If you've listened to a podcast in the last three years--whether about cooking, true crime, or politics--chances are you've heard an advertisement for Magic Spoon.

The direct-to-consumer cereal brand that's raised $100 million from investors including Amy Schumer, Nas, and the NFL's Odell Beckham Jr. has been a frequent presence on audio airwaves since the company launched in 2019, and the strategy seems to be working. More than 1 million customers have purchased Magic Spoon cereal through its website, according to the company. Earlier this summer, New York-based Magic Spoon's cereal hit shelves for the first time, launching exclusively at Target stores nationwide, and the company plans to expand its brick-and-mortar presence to other retailers in the coming months. 

Aimed at Millennials who grew up watching Saturday morning cartoons with a bowl of Cinnamon Toast Crunch or Froot Loops, Magic Spoon comes packaged in sets of four or six bubblegum-colored boxes with a heavy dose of '90s nostalgia. The branding serves up the same playfulness as popular cereals from General Mills and Kellogg's, but without all the sugar, carbohydrates, and artificial ingredients. A four-pack of the gluten-free, grain-free cereal sells online for $39.

Healthy cereal has been an easier sell than the first product co-founders Gabi Lewis and Greg Sewitz launched: crickets. The duo's first startup, Exo Protein, tried to convince Americans to eat insects as a sustainable form of protein. The two Brown University graduates didn't turn crickets into a pantry staple, but they did learn a valuable lesson from their first venture: direct-to-consumer marketing.

"That's what we've become really good at," says Lewis, who serves as Magic Spoon's CEO. While larger companies can afford to invest in marketing as a pure awareness play, he says, nascent or smaller brands are often not able to make it work from a direct-response perspective, he adds.

"For us as a small brand, awareness isn't enough," says Lewis. "Every kind of advertising we're doing in the early stages has to be directly tied to generating sales online. We went into podcasts with that view."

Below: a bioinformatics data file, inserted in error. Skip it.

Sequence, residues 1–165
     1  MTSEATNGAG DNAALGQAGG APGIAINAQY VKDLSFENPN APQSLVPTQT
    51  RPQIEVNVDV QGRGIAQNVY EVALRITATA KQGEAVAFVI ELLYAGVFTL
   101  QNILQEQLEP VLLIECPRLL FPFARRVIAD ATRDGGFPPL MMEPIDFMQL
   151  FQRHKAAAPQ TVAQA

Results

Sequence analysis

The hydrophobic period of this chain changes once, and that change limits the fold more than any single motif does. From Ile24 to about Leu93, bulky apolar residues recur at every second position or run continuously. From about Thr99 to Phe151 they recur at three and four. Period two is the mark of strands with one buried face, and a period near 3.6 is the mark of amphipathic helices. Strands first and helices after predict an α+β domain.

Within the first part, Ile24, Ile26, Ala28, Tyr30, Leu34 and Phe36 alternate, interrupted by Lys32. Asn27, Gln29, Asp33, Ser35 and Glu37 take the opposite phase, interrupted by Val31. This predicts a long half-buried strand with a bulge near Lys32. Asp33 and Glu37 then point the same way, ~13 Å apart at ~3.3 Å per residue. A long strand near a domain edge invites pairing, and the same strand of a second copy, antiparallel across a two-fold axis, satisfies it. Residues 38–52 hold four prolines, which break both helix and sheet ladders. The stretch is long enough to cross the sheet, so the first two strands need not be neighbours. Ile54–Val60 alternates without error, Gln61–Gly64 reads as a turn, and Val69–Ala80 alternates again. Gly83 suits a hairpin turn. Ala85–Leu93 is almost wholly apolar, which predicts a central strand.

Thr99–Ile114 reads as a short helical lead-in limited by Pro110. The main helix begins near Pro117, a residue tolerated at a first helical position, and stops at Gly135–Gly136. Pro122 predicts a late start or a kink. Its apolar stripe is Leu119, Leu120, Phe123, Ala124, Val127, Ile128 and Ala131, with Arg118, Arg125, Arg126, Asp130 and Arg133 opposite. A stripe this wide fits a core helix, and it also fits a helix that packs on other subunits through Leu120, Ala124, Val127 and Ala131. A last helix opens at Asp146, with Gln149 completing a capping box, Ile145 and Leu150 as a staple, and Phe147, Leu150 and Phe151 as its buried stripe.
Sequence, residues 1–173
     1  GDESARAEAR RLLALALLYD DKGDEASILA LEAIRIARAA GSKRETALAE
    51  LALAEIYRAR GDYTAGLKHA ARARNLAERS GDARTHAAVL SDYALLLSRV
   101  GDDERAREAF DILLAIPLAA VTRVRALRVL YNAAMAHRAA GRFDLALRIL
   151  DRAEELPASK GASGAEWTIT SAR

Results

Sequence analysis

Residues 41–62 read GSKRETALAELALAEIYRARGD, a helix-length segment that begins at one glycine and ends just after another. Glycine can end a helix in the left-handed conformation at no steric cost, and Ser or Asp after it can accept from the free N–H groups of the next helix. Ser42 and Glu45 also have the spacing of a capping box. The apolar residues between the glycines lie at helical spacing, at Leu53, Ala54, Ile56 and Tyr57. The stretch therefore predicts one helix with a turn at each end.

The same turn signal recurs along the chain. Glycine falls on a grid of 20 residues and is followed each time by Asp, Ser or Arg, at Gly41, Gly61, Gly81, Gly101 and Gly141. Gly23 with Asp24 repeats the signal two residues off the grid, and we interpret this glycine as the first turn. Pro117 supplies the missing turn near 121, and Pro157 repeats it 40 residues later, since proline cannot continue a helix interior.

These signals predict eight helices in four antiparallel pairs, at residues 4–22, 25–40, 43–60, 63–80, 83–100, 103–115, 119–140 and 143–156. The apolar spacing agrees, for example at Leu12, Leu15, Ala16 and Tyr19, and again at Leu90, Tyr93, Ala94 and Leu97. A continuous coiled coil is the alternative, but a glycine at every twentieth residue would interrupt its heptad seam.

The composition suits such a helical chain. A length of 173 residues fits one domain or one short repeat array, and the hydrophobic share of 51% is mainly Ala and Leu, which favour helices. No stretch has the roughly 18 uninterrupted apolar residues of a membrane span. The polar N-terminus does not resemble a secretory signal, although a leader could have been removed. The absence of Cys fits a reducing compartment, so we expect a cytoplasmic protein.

Podcast ads are proving to be an effective strategy for helping drive sales, particularly for businesses targeting Millennial and Gen-Z consumers. More than 40 percent of Americans over the age of 12 have listened to a podcast in the last month, according to Edison Research. That's 116 million potential new customers, who typically listen to eight episodes a week. For 12- to 34-year-olds, the share who count themselves are regular listeners jumps to 86 percent. Two-thirds of listeners surveyed last year said they have purchased an item advertised on a podcast.

Here are three of the Magic Spoon co-founders' tips for harnessing podcast ads to help generate growth.

Find hosts who genuinely like your product.

For business owners looking to expand their marketing budget to include audio, Lewis says don't worry too much about the genre or the number of shows. Early on in their advertising push, he learned that quality always trumped quantity.

"If we just did dozens of random podcasts, the results wouldn't be very good," says Lewis. When the company started targeting hosts who had actually enjoyed the cereal--regardless of whether their show was discussing the Senate filibuster or serial killers--the response rates completely changed.

"Where it was clear to the listener that the podcast host wasn't just getting paid to talk about something random or reading a script, but they were actually consumers of the products," says Lewis, "the results were really incredible on our end."

One of Magic Spoon's earliest partners was Crooked Media's Pod Save America, the brainchild of four former White House staffers under President Obama whose podcast became the liberal answer to conservative talk radio in the era of President Trump. The show regularly ranks among Apple's top podcasts and reportedly reaches 1.5 million listeners on average.

The show has real scale, but more importantly, has "hosts that genuinely love Magic Spoon," says Lewis. The initial response rates from Pod Save America "started to give us real confidence in the strategy."

Don't expect to pop overnight.

An effective podcast strategy requires patience. Entrepreneurs investing in audio advertising should not get discouraged if they don't see immediate results, says Lewis. 

"First-time founders always think there's going be a silver bullet," he says. "If only we get this person to talk about our brand, it's going to be a rocket ship."

In reality, runaway success doesn't happen overnight. One of the most important lessons Lewis says he learned from his first company was there's no single moment where everything clicks. Instead, Lewis advises founders to focus on making a series of small wins and building brand momentum over time.  

When promoting new products and initiatives, timing is everything.

For years, Lewis turned down offers from large retailers wanting to launch the cereal in stores. Instead, Magic Spoon focused on its small product line and specific marketing strategy. 

"We sold boxes of cereal only on the internet for three years," Lewis says. "We've done that to build to this moment." The company has also expanded its e-commerce distribution beyond its own website to include Amazon, where the brand is the No. 1 selling cereal. When Magic Spoon finally began its push into retail stores, the co-founders made sure fans learned the news the same way they first learned about the cereal brand: during a commercial on their favorite podcast.